Hello, friend! Welcome to my little dwelling place. I’m Amanda, the Literary Homemaker. I’m a working mom who blogs about family life and how to balance the joys and obligations at home with a full-time career. I always dreamed of being a stay at home mom until I was finally able to pursue my dream of becoming a college professor. While being at home with my kids is still a dream I have, I truly understand now why some women choose to pursue a career outside the home even if they could get by on one income. The rewards of teaching are palpable. There is room for my creative mind to play, and I truly feel as though I’m making an impact (most days).
College was not an easy time for me. I experienced intense feelings of isolation, loneliness, and spiritual doubt. Looking back, I had to experience those things in order to gain the mental strength and security in my faith I can say I have today, regardless of circumstances. At the time I thought I was the only person in the world wrestling with that darkness, but I know now that isn’t true.
There is something that happens when you are plucked from your parents’ borders and placed in the middle of a campus swarming with every personality and walk of life you can imagine. Even though Texas A&M is considered a “conservative” school, I was sent into immediate culture shock by posters advertising the Baptist Student Union and Atheist/Agnostic Associations hanging side by side in the student center. I was wracked with constant guilt over the freedoms I had to skip class or waste my Aggie bucks on candy and $5 lattes. The sudden amount of choices available to me was something my sheltered mind desperately needed, but had no idea how to process.
Among this vast array of seemingly insignificant choices was the big one: What are you going to do with your life?
I decided to major in English, but was adamant I would not teach. I had always loved to read and been a good writer, and those skills would serve me well in whatever job I chose to pursue. I would figure it out later.
The deeper I got into my major, the more I fell in love with literature and hearing my professors talk about it. The closer I got to graduation I began to think of all the people who’d had an impact on the course of my life. In addition to my family, most of them were teachers.
I knew that teaching at the college level meant obtaining a higher degree, and that was where I lacked confidence. I was a lazy student, would most certainly be a lazy graduate student, and would make a terrible professor. The first time I voiced my dream I was out jogging/talking to my best friend on the phone (if I tried that now I would surely die), and lamenting the reality of the situation. She did not indulge my negativity. “If you truly want to be a professor,” she told me, “then one day you will.” Ten years later when I taught my first class as a graduate assistant, I thought about her and that moment.
You never know how long someone will cling to a few simple words of encouragement.
I don’t possess a gift for teaching. I’m a nervous speaker and have to work at it daily. However, I have always been drawn to people with unique quirks and struggles. My search after graduation for a full-time teaching position led me to an opening in Developmental English, which has been an unexpected blessing. The majority of my students truly need one on one help, and due to the size of my institution and my classes, I can give them that. In addition to being an educator to them, I get to be a counselor, a cheerleader, and I dare say, a friend. I have learned so much in just a year and a half about people’s lives and struggles, and I can feel my compassion for others slowly returning to a place where life previously left me a bit numb.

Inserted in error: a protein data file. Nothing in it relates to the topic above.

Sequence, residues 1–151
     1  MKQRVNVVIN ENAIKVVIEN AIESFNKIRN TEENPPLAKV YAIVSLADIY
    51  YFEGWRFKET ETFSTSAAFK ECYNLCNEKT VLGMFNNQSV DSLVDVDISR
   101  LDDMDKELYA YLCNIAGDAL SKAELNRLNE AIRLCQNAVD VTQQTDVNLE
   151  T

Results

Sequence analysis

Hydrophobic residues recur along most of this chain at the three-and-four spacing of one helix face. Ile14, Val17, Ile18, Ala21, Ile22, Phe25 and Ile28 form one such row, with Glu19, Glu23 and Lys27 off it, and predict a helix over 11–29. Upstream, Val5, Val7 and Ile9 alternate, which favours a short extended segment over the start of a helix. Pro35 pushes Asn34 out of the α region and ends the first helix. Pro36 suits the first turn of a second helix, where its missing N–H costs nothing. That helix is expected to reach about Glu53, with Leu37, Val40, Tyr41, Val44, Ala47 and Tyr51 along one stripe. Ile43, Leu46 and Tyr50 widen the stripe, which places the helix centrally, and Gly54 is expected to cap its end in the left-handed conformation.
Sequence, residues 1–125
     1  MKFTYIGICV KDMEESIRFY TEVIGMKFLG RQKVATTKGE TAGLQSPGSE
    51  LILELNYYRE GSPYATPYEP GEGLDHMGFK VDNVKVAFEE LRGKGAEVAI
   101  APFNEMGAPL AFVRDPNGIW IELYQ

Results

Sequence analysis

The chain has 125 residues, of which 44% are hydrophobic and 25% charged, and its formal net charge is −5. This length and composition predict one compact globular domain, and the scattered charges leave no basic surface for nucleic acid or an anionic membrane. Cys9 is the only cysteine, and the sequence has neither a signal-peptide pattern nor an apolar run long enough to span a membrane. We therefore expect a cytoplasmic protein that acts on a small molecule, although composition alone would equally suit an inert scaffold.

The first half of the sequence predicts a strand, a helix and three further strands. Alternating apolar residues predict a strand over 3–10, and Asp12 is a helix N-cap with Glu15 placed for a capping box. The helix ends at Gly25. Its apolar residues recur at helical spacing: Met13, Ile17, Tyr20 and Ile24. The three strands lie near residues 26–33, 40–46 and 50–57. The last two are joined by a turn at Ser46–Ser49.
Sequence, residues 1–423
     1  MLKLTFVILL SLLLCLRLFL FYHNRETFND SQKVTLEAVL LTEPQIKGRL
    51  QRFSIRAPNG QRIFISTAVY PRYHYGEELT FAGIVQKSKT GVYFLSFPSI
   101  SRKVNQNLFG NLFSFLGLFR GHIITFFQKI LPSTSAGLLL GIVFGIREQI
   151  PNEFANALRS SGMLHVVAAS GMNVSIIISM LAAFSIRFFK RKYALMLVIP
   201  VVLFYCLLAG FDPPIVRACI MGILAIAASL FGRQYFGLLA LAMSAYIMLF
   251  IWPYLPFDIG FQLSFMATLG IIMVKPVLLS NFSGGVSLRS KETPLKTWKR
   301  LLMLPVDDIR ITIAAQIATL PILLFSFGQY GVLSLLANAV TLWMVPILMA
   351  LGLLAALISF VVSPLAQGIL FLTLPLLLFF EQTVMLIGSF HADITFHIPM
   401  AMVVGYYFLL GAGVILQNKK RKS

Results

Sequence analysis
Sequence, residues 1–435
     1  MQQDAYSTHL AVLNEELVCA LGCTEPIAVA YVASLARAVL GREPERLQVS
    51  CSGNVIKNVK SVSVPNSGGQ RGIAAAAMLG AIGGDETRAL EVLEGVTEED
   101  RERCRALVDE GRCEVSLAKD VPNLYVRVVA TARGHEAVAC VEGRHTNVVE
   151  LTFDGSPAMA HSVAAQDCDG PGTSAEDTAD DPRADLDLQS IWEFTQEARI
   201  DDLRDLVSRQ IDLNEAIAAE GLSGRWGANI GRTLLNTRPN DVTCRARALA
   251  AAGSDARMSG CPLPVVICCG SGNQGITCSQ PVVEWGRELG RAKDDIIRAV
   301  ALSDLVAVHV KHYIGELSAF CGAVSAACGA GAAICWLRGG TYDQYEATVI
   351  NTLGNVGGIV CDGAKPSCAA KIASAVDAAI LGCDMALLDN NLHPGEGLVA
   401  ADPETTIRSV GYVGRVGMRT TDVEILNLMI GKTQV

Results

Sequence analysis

But then there’s the other thing.
There’s the alarm that goes off at 5:45 a.m. reminding me to get up, get dressed, and leave my babies behind.
There’s the feeling of their warm little bodies as I lift them from their beds, and the cold void that’s left as I walk out the door.
The few hours a night I get to spend with my children during the week is their most cranky time, affectionately referred to by some as “the witching hour.” Some evenings letting them play in the bathtub until the water is cold is literally the only thing that keeps them both pleasant until bedtime. And although they delight in the time spent with their Grandma during the week, by Friday they often seem as ready as I am to laze around in their pajamas and just. stay. home.
For every minute I waste at work wishing I was home, I spend just as much of my time at home preparing lessons, grading papers, ironing clothes, and packing lunches for my husband and me. The inside of my microwave is disgusting. I have boxes of hand-me-down clothes that need to be organized and hung in the kids’ closets. Grocery shopping has to be done late at night and vacuuming often gets pushed back another day so I can spend a few coveted minutes with Kindle or Netflix while I can still keep my eyes open. Quality time with my husband is rare, and often interrupted by thoughts of dishes in the sink and online course modules that need to be updated by 11:59.
So how do you give 100 (or even 80?) percent to your work, and to your family, when it feels as though you’re constantly running on empty?
I’m still figuring that out.
My hope and prayer for this blog is that it can serve up a little bit of hope to working mamas and stay-at-home mamas alike. Because let’s face it, we’re all working our ever-loving tails off. Some of us just do it in heels, and others in slippers.